Hundreds of studies show that low-income, first-generation, and minority students finish school at lower rate than students who are in the majority. It has nothing to do with intellect and everything to do with opportunity.
Historically, students who have previous college exposure or parents to lean on for advice have an advantage from the moment they start applying to schools. They know the college jargon and their parents are able to help them navigate through school, from application to graduation. Institutional structures and hierarchies favor them.
Meanwhile, first-generation students who don’t have parental experience to fall back on are likely to face more difficulty throughout their college journey. The jargon, systems, and processes just aren’t geared toward helping them succeed.
1. Simplify jargon. Students are bombarded with confusing terminology and acronyms the minute they start the application process. FAFSA, add/drop, block scheduling, degree audit, RA, TA, practicum, course catalog, registration—what does all this mean? Jargon and confusing phrases are rampant in marketing material and on university websites. Content is wordy and long and reads more like an academic thesis than simple instructions on how to register for a class. Students are expected to know it all, but the only ones who do have previous college exposure. First-generation students are left to figure it out on their own. Read this article for specific ways to improve clarity and simplify jargon.
2. Tear down silos. Institutions have long-established structures and processes that benefit a select group of students, but hinder first-generation, low-income, and minority students from gaining access to the same resources. These silos are at the root of the equity problem. College acceptance hinges on submitting the right documents at the right time, knowing what paperwork is necessary, knowing how to stand out among a sea of applicants in a highly competitive environment… and only if you’ve been exposed to college before do you have an advantage. First-generation students are figuring it all out for the first time. The whole college experience is designed for someone who know what they’re doing. Those who don’t struggle to keep up through no fault of their own. Perhaps improving equitability doesn’t mean adding more programs and initiatives, but rather improving processes that already exist.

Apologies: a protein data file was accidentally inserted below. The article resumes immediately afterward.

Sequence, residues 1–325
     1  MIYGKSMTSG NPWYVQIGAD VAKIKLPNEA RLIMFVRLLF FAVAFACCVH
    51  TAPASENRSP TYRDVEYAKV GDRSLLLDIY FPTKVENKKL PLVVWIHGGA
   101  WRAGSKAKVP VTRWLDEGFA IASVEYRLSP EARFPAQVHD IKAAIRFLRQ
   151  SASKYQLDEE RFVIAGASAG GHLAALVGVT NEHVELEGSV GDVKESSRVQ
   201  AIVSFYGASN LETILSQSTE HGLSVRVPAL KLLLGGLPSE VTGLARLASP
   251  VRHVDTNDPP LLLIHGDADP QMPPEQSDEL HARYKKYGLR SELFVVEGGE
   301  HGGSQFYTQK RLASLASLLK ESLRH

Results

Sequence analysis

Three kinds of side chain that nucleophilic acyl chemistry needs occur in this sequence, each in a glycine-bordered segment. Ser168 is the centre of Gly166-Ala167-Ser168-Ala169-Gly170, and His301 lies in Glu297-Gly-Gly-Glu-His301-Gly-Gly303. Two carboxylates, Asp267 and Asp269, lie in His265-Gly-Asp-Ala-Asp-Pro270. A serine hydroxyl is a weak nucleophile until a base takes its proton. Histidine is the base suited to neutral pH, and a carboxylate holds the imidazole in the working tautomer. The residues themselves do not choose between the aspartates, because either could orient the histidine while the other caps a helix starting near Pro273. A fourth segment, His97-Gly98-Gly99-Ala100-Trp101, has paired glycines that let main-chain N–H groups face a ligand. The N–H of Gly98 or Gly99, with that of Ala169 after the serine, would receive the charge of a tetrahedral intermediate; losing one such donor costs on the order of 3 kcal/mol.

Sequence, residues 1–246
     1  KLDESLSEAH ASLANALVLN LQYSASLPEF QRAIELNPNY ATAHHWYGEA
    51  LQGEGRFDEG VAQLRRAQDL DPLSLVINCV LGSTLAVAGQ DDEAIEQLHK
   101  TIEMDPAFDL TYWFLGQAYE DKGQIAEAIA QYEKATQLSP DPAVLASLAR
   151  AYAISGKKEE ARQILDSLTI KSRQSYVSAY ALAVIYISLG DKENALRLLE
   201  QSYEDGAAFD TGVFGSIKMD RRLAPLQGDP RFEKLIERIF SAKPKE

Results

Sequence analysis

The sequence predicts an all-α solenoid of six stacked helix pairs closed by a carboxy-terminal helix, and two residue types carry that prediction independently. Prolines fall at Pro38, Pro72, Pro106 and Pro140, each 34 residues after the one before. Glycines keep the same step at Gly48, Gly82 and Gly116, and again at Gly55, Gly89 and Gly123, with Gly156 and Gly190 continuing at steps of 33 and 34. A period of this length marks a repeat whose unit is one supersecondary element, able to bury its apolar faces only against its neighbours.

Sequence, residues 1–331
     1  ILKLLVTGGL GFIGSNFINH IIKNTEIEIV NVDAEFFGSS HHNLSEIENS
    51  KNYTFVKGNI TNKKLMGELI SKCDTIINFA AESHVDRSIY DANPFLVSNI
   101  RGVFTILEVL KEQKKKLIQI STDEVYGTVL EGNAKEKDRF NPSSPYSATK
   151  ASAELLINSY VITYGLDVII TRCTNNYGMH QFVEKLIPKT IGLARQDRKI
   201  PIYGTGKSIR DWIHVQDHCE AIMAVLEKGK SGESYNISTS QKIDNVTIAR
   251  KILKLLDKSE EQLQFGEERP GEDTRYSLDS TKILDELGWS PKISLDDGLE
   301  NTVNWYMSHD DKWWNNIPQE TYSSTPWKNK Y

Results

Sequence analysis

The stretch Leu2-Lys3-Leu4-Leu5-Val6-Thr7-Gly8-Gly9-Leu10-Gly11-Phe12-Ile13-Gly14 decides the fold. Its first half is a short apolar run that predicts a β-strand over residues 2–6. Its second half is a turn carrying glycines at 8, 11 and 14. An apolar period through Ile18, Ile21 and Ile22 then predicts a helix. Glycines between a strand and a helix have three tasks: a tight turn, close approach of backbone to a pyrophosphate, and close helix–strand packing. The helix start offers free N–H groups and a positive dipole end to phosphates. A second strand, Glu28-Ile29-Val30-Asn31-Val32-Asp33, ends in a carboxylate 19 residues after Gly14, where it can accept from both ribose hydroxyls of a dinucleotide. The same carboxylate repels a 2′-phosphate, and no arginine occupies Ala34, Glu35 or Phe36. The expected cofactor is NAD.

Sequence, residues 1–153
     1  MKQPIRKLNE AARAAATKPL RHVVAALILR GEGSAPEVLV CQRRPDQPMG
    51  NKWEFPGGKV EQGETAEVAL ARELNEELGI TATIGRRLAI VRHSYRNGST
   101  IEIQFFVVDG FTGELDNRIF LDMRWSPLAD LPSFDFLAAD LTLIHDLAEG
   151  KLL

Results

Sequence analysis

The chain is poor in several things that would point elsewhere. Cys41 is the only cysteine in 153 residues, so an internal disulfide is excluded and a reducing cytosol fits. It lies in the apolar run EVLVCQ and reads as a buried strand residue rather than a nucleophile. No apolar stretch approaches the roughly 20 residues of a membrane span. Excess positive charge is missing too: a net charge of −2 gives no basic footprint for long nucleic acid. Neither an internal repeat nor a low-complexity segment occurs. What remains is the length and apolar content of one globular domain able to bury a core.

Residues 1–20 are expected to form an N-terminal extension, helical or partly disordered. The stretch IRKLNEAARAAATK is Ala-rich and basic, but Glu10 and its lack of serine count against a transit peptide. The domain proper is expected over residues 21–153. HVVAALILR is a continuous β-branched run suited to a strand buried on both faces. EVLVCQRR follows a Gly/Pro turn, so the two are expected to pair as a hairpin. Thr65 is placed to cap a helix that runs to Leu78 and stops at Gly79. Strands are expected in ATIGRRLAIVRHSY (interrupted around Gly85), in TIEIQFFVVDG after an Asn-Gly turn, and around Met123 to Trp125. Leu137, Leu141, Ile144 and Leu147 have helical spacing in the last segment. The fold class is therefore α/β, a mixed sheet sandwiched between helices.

3. Provide classes, seminars, or curriculum focused on life skills. Not everyone comes into college with an understanding of important life skills, and not everyone leaves with one. Things like banking, investing, taxes, insurance, loans, and housing markets can be confusing to students living on their own for the first time or graduating and starting a career. By offering learning opportunities, especially for financial matters, students become more prepared for and confident about the future.
4. Ask students for feedback. The best way to know if students are struggling, feeling lost, or having trouble navigating the college system is to ask them. How prepared do they feel for next semester? Are they struggling to stay in school for financial or academic reasons? How helpful are the software platforms they currently use? Do they know where to go if they have questions or need advice? It’s important to get students’ perspectives on a regular basis, not just from a once-yearly survey. Get feedback, notice trends, and make changes quickly so the students who made suggestions are still in school to benefit from the outcomes.
5. Provide help for all. Do students know where to go when they have questions or need help? Do they have to jump through hoops to get there? You can boost equitability by simplifying the search for support with EVAN360. Instead of making appointments, searching for an office building, or digging around for an email address, students need a one-stop-shop for all questions and requests. Every student can be connected with an advisor, counselor, mentor, or peer coach in minutes with the EVAN360 app so they never have to wonder where to go for help.
What does equity look like at your institution? What steps are you taking to improve equity, and what is holding you back? If you can answer those questions, you’re off to a great start. If we continue to pursue closing the equity gap in higher education, more students will have access to resources and opportunities previously reserved for a select few.